Thanks Raknarg for the examples, they should get me going in the right direction atleast. It looks like it shouldn't be TOO complicated to do what I want to do. And Insectoid, I won't be dealing with any rotations or super fast moving objects, so these collisions shouldn't be too complicated I believe. It would be cool to have the character or object bounce off an obstacle in a realistic manor, but definetly not needed, and I won't add any rotational stuff until I have the basics down first.

@Raknarg again, realistic collisions aren't required, I might opt into adding them in the future, but first I'd just like to get a 'beta' version with all the basic physics stuff down.
Raknarg

Posted: Fri Feb 28, 2014 12:43 pm   Post subject: RE:2D Physics in Game Development

Good idea. If you decide that you want to use more realistic physics, I suggest looking deeper into the math and utilizing classes to represent vectors instead.
Nathan4102

Posted: Fri Feb 28, 2014 4:53 pm   Post subject: RE:2D Physics in Game Development

I should probably learn how to properly use classes first I'm experienced with instantiating classes like the Scanner class and DecimalFormat class in java, but thats honestly about all I can do with classes.
Raknarg

Posted: Fri Feb 28, 2014 5:40 pm   Post subject: RE:2D Physics in Game Development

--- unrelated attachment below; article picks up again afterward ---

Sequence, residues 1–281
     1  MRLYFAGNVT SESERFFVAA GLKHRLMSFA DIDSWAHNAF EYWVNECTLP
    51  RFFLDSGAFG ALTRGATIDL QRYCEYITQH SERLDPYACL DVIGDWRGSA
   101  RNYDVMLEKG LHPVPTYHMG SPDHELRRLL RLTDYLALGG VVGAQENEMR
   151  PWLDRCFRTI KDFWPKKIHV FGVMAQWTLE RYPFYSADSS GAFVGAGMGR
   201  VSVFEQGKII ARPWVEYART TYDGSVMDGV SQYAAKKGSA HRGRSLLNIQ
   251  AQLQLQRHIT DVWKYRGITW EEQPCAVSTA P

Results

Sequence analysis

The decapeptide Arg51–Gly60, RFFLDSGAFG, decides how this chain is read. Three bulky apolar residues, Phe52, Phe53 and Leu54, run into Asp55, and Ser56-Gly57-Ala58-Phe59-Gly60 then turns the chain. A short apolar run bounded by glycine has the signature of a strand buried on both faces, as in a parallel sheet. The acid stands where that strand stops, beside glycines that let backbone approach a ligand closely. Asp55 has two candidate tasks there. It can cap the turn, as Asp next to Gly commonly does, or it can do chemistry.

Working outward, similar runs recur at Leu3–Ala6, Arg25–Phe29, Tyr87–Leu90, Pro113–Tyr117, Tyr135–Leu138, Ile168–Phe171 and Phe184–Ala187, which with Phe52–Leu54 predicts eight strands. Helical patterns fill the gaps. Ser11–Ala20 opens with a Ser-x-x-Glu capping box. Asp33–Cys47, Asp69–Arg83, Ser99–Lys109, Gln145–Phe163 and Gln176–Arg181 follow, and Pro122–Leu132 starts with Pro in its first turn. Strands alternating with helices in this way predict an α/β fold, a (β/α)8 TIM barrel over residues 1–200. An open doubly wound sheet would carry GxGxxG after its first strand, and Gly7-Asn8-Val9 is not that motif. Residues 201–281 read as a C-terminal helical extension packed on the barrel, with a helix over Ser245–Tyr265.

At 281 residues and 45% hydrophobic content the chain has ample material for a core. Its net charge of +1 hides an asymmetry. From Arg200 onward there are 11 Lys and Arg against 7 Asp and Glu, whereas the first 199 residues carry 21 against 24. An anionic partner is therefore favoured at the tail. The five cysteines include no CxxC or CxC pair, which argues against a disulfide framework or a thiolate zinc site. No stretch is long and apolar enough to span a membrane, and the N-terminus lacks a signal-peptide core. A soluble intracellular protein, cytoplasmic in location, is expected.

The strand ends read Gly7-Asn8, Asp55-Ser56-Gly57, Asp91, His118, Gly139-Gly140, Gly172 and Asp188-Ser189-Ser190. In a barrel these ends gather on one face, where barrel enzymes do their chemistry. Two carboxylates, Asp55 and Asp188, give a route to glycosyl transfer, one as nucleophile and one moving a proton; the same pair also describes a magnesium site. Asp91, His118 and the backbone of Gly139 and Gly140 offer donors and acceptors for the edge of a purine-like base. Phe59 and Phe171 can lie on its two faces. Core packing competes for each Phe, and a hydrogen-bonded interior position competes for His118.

Then this might be a good time to learn. You'll have to learn at some point

in fact it might be better to learn how to use classes with Java instead, its object support is much nicer. Of course you can still do it in Turing.

In any case, once you're comfortable with them you probably won't want to go back. Much like learning arrays, you realize how much simpler and nicer it makes your code and how much easier it is to maintain and to make changes

Nathan4102

Posted: Fri Feb 28, 2014 5:43 pm   Post subject: RE:2D Physics in Game Development

Ah ok, maybe monday in ICS ill work on some tuts. And Im done wirh turing, I just made the example in my OP in turing because its easy to whip something together quick. This game will be done in Java.
Raknarg

Posted: Fri Feb 28, 2014 6:19 pm   Post subject: RE:2D Physics in Game Development

Then I suggest going to look at www.processing.org